Monday, August 26, 2013

Down in the Canyon

Words by Greg
Photos by Greg, Trina, Chelsea

We hike the steep trail where there is still a trail. Where there is no longer a trail, we step carefully around drying mud, around freshly rearranged boulders, through the bottom of the gully, now stripped of vegetation. Now piled with uprooted vegetation, stripped. Torn grass stalks and tree limbs and brush are caught in stronger trees, head-high where the water crashed through and down into the canyon. We bear our burdens upon our shoulders and we step down. Into the canyon.

Down into the canyon, down to the river. The recent rains, the recent floods have muddied the water. The eddies of the muddied river are solid with dark bark, floating freely, stripped from trees by violent water. Pine needles pad the edges of the river. Spiny green pads torn from prickly pear cactus wash in the shallows. Raw earth and rock, both torn away and freshly heaped, have redecorated the canyon.

On the river, she and I in our small rafts, two dogs, one proudly upon each bow. The other two in a large leaky raft they've borrowed. We bounce through rapids. We float eyes-up through scenic calm stretches. We marvel at the recent high water line where floods ran three feet higher than the water we float. On down the canyon.

We stop the scout the tough spots, to determine if the dogs ride the rafts or if they walk the shore. To determine if two people have enough power to steer the big raft, or if Trina and I get to make three in that boat. Get to run the rapid a second time.

We find a spot to camp, down in the canyon. Where walls pull back enough to leave a swath of high grass. To leave bare dirt where others have stayed the night. We rest. Chat. Eat. Nap. Hike into a steep side canyon. Listen to birds and crickets. Let dogs hunt grasshoppers. Sleep. Then wake and pack and float again. Down the canyon.

The walls grow close again. The water remains muddy. The river surges between rocks, some fresh, some solid as rock. Above, the blue sky is a bright stripe crowded with bright clouds. Below, the toughest rapids challenge us. Water boils. Hearts pound. But all goes smoothly and we emerge from the last rapid. Grinning.

It grows calm further down in the canyon. The floating more serene. The walls close once more then open wide to wider views. We steer though riffles in sunshine. We paddle lazily. But the river pulls us down the canyon. To the end. For now.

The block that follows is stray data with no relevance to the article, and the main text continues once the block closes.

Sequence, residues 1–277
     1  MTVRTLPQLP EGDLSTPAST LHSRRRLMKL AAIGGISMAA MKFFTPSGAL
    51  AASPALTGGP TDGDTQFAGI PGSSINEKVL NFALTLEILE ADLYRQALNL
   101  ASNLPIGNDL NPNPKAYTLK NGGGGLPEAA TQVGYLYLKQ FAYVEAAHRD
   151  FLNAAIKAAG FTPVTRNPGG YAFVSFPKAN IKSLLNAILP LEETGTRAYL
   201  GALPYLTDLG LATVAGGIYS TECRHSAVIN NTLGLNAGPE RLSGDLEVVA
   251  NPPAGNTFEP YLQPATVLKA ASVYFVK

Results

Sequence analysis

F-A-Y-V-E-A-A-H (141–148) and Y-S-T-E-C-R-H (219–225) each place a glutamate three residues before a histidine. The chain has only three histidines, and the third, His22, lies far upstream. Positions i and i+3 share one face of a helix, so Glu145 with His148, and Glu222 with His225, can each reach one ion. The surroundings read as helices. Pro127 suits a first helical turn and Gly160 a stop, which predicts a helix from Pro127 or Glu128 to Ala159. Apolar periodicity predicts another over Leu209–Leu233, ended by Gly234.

Tuesday, August 13, 2013

Large Bites of Enchilada

by Greg

Not far away near Moab, Utah, there is a Whole Enchilada that attracts mountain bike riders from all over the world. This tasty dish consists of a 26 miles of trails that start high in the mountains and drop downward into the sandstone desert.

My cohorts had planned to leave out the lowest section of trail. Something to do with the expected 95+ degree F heat. Which still left us with, if not the Whole Enchilada, at least a hearty portion of it.

It was cool, cloudy, and breezy in the mountains. Even a few spatters of rain. But "luckily" it cleared off and heated up as we descended into the desert. Tundra to forest to scrubland to desert slickrock. Nice way to spend the day. Good fun trying to catch it in the camera.

Sunday, August 11, 2013

Pre-Pesto and a BLT Tasting

by Trina

Pre-Pesto is what I make when there's a glut of basil needing to be harvested, but not enough time, or ingredients on hand, to make full-on pesto. Whiz the basil in the food processor with some olive oil. The nuts and cheese can be added later when you have the time.

Spread the pre-pesto out in a thin layer in a Ziploc, and lay it flat in the freezer.

You end up with a nicely stackable block of pre-pesto which is thin enough that, even frozen, it's easy to break with your hands or with a whack on the kitchen counter. This means you can use small amounts of it when you need it without having to thaw the entire bag and then refreeze the part you didn't use (which is a bad thing to do).

Since there was pre-pesto sitting around, ripe tomatoes hanging on the vine, happy pig freshly installed in the freezer, and a slightly-earlier-than-fall crop of red romaine in the garden, I decided to do a little experimenting with the season's first BLT. I tried half of the sandwich with a little of the pre-pesto, and half with some roasted garlic and onion jam.

Both were really, really good.